Haleakalā National Park on Maui announced a “special appearance” on the shores of ‘Ohe’o Gulch that occurred last month. It’s an Ilioholoikauaua, one of two native mammals in Hawaii, and it’s napping. Can you spot it?
Ilioholoikauaua translates to “the dog that runs in rough waters,” and is better known as an Hawaiian monk seal.
The park on Tuesday posted the image of the sleepy visitor on its Facebook page.
“According to NOAA, Hawaiian monk seals are one of the world’s most endangered species with just around 1,400 left in the wild,” the post states. “They are solitary animals that spend most of their time at sea. You may find them catching some much-needed rest along the shoreline. It is important to allow them a significant amount of space to molt, rest, give birth, and care for their pups.”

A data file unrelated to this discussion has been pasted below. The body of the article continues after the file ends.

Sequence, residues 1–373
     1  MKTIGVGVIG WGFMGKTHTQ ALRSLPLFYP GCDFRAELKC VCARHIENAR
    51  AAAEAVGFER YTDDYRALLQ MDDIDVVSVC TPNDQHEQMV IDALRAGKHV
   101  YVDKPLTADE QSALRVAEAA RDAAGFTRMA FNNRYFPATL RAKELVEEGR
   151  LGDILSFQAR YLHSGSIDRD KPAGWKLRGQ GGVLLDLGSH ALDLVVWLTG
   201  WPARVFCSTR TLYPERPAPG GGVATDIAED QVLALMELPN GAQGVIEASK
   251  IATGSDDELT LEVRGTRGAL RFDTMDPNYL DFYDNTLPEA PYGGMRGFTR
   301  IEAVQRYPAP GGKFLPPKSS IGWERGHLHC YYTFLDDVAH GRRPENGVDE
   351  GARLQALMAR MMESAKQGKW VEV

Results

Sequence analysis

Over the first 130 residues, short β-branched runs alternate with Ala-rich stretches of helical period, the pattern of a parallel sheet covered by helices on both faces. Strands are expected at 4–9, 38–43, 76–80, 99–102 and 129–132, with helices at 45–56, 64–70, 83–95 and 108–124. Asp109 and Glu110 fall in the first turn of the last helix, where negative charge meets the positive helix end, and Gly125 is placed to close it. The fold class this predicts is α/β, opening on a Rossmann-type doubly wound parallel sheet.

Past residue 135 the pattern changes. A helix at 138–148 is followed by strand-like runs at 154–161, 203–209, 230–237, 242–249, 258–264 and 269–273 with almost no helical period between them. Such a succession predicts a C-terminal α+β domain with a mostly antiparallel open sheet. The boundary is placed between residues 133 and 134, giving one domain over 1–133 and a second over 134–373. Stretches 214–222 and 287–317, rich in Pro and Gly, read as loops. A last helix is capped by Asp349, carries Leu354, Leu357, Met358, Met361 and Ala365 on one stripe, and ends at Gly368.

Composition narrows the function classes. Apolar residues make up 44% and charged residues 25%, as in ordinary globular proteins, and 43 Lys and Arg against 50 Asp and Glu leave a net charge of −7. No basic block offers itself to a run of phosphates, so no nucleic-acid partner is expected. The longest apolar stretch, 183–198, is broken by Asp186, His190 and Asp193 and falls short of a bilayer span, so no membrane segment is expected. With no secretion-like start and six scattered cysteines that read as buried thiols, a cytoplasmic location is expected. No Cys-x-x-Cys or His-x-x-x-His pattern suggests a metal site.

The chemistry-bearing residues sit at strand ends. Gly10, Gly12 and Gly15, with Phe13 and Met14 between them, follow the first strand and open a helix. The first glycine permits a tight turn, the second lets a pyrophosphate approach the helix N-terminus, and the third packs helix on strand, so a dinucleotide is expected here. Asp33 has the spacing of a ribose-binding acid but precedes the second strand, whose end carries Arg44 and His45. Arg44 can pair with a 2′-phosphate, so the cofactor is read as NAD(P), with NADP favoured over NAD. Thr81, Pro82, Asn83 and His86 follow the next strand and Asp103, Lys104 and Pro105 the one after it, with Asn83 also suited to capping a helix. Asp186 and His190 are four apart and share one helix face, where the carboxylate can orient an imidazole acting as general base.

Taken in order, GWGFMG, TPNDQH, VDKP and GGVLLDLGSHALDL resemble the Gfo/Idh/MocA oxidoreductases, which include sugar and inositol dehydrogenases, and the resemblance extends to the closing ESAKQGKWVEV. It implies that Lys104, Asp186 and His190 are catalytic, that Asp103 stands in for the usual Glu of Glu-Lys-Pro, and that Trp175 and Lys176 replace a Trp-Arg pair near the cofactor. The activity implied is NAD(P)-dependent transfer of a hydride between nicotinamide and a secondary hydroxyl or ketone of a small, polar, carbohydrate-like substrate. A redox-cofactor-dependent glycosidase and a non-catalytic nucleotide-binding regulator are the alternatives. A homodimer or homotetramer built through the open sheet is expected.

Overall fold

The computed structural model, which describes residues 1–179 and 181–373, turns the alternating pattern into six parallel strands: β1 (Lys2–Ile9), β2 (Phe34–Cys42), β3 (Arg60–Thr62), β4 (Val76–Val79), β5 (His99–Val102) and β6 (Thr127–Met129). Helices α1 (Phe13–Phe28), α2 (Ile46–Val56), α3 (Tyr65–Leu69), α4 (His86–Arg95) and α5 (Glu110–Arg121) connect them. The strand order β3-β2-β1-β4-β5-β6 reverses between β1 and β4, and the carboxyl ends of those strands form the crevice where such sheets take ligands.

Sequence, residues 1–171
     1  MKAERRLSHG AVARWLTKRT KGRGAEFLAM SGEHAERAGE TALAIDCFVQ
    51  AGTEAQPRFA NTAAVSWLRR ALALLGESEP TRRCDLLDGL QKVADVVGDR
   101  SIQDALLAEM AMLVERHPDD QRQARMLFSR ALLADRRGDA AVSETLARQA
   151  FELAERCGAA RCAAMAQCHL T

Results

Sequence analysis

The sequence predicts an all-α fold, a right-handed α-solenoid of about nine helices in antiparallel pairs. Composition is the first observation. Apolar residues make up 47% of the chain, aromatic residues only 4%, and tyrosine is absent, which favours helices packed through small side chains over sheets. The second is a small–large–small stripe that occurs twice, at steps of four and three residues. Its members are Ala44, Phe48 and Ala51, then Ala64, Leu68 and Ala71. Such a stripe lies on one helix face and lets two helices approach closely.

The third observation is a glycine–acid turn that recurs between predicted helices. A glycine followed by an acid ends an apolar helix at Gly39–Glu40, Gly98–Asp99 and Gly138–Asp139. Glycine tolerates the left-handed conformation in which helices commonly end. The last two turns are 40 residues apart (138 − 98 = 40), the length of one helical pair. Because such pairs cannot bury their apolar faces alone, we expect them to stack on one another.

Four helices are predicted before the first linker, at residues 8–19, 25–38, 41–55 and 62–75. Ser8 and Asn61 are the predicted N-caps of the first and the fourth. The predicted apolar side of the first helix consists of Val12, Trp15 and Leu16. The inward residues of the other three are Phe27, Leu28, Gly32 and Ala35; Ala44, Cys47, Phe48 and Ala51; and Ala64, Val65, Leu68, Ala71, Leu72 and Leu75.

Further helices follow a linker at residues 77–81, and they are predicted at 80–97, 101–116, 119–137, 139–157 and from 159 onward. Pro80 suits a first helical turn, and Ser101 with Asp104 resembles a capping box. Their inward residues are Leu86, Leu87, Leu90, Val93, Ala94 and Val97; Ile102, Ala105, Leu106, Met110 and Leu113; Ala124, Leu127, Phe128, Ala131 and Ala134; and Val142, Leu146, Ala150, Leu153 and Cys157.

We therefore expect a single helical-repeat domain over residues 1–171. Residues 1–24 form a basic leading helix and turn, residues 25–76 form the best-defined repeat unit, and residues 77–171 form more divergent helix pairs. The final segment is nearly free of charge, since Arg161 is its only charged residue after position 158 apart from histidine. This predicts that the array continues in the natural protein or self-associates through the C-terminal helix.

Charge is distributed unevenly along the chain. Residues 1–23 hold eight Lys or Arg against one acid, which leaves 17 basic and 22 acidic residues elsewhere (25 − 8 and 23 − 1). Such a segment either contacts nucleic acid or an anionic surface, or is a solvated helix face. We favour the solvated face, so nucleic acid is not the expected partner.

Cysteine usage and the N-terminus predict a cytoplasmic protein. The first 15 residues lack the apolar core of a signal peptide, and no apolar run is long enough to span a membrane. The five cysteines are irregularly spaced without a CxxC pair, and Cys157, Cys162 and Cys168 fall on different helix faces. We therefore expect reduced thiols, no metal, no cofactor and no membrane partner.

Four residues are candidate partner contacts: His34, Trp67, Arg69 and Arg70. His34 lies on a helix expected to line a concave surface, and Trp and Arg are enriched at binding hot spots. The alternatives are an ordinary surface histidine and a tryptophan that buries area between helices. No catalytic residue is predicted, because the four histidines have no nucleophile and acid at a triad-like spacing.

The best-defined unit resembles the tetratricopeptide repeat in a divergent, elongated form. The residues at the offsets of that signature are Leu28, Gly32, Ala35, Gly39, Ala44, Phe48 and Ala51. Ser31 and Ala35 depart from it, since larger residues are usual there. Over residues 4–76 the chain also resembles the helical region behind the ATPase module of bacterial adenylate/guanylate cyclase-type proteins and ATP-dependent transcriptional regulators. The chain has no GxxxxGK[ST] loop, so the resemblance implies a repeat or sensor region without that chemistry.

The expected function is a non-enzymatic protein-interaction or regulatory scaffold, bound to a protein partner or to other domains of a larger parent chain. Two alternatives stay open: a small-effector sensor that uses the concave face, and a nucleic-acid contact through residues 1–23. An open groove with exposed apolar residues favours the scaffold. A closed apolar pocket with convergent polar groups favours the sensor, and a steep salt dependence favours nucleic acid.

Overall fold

This one had no worries about being bothered, as no humans were in sight.
“Hawaiian monk seals are often seen sleeping on the beach, digesting their food and resting from long hunts,” the Hanalei River Heritage Foundation writes.
But, as stated, they spend most of their time out at sea where they feed at depths up to 1,000 feet. They can hold their breath for up to 20 minutes.
A closer look at the sleeping Hawaiian monk seal: